She is speaking mostly about policing in Minneapolis, but she was there to see firsthand white parents who talked endlessly about social justice online organize privately to sabotage plans to change school boundaries and integrate our schools.

There were many parents who declared their principled support for public education until they didn’t get their way in a policy battle and then threaten to put their kids in private schools. (Those same parents, ironically, also railed against school choice – especially when it meant people of color might take their per pupil income from Minneapolis’ chronically failing schools that the city’s white families had abandoned years earlier to culturally-affirming charter schools).

I lost faith in white “progressives” so long ago that I scantly remember having it. Every now and then I go back and read the emails I received as an school board member just to remind myself how truly awful fauxgressives can be. As the target of their social violence on many occasions, as an audience to their massive eruptions of privilege, and as a witness to their duplicitous hypocrisy during a decade of negotiating with them, I’m tapped out. I’m not alone. Many people of color are tapped out. Disgusted. Tired.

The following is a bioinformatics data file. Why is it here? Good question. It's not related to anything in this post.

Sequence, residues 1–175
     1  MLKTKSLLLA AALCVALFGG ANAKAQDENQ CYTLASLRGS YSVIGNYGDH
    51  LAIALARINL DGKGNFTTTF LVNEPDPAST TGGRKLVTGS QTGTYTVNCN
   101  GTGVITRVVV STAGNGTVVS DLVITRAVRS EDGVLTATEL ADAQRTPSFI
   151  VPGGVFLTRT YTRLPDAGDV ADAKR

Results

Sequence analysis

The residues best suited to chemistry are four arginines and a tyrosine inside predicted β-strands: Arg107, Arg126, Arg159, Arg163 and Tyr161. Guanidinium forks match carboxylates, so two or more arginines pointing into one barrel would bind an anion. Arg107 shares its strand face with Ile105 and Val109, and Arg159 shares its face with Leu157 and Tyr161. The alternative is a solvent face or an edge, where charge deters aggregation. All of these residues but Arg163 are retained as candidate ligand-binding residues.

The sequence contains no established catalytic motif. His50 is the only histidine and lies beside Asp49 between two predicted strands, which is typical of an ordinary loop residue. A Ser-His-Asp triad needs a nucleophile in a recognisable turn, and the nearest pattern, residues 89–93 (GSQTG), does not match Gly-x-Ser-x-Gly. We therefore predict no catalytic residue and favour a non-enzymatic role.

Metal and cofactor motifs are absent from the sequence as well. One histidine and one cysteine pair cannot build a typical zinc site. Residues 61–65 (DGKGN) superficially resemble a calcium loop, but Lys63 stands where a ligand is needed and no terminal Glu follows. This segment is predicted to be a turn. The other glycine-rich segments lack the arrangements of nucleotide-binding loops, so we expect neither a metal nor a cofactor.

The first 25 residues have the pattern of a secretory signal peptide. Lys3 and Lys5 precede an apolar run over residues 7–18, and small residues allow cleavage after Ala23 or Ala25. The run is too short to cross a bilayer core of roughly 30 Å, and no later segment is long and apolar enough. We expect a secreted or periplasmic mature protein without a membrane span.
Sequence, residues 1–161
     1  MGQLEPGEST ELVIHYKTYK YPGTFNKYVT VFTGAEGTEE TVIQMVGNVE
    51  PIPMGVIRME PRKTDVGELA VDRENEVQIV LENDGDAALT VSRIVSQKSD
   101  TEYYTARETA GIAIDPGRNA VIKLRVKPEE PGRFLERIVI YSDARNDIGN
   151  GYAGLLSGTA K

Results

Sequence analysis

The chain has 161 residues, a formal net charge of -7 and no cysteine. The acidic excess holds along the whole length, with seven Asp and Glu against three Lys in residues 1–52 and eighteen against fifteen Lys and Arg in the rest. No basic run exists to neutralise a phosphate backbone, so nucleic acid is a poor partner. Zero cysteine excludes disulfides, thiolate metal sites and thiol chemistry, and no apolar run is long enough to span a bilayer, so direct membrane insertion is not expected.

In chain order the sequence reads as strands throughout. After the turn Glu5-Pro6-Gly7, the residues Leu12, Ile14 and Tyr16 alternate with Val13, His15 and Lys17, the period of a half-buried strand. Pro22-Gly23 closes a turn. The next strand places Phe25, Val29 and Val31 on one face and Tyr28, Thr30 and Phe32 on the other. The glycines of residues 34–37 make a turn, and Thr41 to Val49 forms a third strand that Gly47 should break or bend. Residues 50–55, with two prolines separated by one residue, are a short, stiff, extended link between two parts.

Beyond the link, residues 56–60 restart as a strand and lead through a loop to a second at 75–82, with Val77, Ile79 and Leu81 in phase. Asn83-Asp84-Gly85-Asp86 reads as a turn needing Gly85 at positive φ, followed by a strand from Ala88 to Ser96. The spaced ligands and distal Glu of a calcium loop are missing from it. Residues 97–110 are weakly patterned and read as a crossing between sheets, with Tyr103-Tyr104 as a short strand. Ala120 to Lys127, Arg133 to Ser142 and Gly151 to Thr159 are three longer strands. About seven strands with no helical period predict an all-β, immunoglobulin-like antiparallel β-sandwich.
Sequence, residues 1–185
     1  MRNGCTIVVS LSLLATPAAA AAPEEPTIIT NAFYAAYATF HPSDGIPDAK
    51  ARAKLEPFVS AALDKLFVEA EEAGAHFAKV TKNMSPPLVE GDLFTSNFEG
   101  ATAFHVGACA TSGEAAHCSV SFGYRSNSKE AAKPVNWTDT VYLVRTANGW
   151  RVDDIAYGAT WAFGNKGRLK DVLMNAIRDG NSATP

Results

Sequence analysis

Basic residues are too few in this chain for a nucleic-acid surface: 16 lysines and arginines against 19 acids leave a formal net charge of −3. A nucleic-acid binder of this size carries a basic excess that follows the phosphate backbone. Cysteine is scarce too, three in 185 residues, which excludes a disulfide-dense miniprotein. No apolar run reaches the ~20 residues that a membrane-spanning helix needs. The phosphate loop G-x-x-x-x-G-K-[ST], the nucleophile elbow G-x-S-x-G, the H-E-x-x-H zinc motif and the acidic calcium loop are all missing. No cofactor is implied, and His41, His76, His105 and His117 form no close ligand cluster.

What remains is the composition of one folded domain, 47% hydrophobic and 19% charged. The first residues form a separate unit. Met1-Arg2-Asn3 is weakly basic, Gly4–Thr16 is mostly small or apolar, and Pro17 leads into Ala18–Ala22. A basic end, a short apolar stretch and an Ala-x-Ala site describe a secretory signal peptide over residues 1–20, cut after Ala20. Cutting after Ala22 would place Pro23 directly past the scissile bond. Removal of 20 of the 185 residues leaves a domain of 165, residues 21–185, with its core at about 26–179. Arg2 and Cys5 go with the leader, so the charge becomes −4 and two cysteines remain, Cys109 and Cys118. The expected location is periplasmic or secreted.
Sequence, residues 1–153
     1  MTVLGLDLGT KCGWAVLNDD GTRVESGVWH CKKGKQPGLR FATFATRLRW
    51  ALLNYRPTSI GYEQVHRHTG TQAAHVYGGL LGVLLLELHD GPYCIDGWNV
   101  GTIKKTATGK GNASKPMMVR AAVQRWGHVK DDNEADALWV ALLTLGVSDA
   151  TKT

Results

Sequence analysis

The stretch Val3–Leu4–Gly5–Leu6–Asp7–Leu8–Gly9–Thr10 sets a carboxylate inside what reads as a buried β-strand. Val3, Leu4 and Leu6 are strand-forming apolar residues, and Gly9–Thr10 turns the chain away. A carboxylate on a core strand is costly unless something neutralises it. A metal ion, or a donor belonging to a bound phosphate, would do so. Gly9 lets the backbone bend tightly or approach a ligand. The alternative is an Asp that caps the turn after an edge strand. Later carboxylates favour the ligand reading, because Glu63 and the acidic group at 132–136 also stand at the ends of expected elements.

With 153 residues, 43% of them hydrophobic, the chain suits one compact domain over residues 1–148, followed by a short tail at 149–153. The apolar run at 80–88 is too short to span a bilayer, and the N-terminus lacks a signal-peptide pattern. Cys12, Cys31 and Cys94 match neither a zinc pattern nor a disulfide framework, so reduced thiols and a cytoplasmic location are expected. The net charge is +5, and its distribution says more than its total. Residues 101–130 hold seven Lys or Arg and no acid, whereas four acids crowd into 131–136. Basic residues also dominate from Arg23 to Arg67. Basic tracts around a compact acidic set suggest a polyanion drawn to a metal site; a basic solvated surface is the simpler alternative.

I hope to see more Betsy’s take up the battle of finally confronting their friends, neighbors, and family to see their part in keeping too many faces at the bottom of the well.

I won’t hold my breath for an unlikely awakening, but I will cling to the nominal hope a merciful God put in my heart for these things.


Pursuing the power of self-sovereignty and personalized learning to create secure citizens and abundant communities. #TheOppositeOfSchool #AllPowerToThePupil


Everyone knows that magnet schools work. Except when they don’t.

An editorial in yesterday’s St. Louis Post-Dispatch about that city’s magnet schools takes issue with the pervasive claim that “integration is the only thing that has ever worked at scale.’

It didn’t work. Feel free to keep saying it though.

This is where you point me to this or that book or report by this or that professor (or “journalist”) who attended white schools and feels they’re the best thing since round wheels. To which I’ll tell you to look at the outcomes in all the centers of integrationist policy and tell me which one is working?


Hardly. That district’s magnet are discriminating on the basis of race, cherry picking students, and making the traditional schools that the left behind kids suffer in more segregated classrooms.


Come on man, we’ve talked about this before. Not Wake County, Charlotte, or anywhere else.

All of them have whopping achievement gaps.

Looking at the decaying city schools where major desegregation efforts happen you have wonder if the billions of dollars spent in those communities to build systems of exclusive magnet schools are better off. Look at this example from St. Louis.

With all the problems magnet schools cause, why are there no calls for moratoriums?

But, when it’s magnets, no such demand. Why?

Here’s the heart of the editorial: